Nikki – Group 2 Searchers(3/2/11)

I found this webcomic to be very relative to that of Maus I: My Father Bleeds History, in the ways the panels are constructed and illustrated. Of course within the story of Maus there are no stick figures as characters, or humorous talk about bands, but rather was drawn in a way that struck me as reminiscent to that of Maus. The lines used within this webcomic gave me that dark and somewhat eerie feeling just like in many panels of the graphic novel Maus. Everything within the panels is dark and extremely detailed with the added contour to the items within the frames. Just looking at the depth and boldness of the fire place gives me an uneasy feeling, like that of loneliness and anxiety. I know many might not understand my reasoning behind this, but it is the very first thing I felt while looking at this.

Group 2 – Batman; Commodity as Myth

I found this article to be extremely interesting. It was great to have the entire background stories for some of the most famous comic book characters within the article because I never knew about them. Growing up, I was never fully engulfed in comics or superheros. Now that I think about it, most of what I was exposed to was by watching television. Captain Planet was probably the closest thing to superheros that I ever watched. The ways in which this article encapsulated the very core of Batman and the story of how he came to be, both in our world and the world of Batman as a superhero was really cool because it makes Batman someone we can relate to and invites us into his world.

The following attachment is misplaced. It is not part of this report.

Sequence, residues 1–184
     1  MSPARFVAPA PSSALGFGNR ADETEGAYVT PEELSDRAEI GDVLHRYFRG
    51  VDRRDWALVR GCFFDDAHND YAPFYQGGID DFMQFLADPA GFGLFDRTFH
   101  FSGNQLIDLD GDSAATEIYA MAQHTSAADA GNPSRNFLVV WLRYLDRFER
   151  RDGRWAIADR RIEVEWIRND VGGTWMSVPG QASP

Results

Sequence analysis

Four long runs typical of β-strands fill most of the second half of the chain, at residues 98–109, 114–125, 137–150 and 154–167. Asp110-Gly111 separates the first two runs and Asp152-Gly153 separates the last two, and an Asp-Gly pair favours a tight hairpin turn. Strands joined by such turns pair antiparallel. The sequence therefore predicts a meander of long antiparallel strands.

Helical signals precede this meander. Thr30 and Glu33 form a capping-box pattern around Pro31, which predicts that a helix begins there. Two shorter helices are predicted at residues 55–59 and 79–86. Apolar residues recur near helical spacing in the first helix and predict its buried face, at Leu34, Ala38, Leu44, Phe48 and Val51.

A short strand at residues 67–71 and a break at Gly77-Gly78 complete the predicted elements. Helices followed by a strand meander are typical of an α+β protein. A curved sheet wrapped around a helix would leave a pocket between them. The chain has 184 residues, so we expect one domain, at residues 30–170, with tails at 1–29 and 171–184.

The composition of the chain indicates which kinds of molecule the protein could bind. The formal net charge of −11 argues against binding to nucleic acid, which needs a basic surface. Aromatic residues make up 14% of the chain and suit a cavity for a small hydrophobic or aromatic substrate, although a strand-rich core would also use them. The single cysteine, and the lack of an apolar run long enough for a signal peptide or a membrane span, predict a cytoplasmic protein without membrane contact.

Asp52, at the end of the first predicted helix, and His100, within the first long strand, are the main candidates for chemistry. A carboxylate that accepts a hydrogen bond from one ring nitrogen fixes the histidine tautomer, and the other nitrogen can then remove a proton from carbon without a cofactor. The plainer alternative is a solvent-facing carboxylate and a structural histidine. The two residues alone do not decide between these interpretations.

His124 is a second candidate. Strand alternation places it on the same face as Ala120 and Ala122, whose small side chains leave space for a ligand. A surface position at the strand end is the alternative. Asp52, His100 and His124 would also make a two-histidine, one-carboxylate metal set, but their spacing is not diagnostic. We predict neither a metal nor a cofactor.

The time line that the article presents to the reader definitely sets the scene for just how far back the story of Batman goes back. It definitely opened my eyes to just how long superheros like Superman and Batman have been around. It also sparked a particular interest of mine to read that many of the “villains mirrored aspects of Batman’s character and development,” because it adds emphasis that the creators of Batman truly thought about what areas of the adventures of Batman would piece together to create an overall remarkable character. Just as the villains may provide insight into the history of Batman himself, they also created characters such as Alfred to add stability and comfort to the ever-chaotic lifestyle of the Batman(p.4).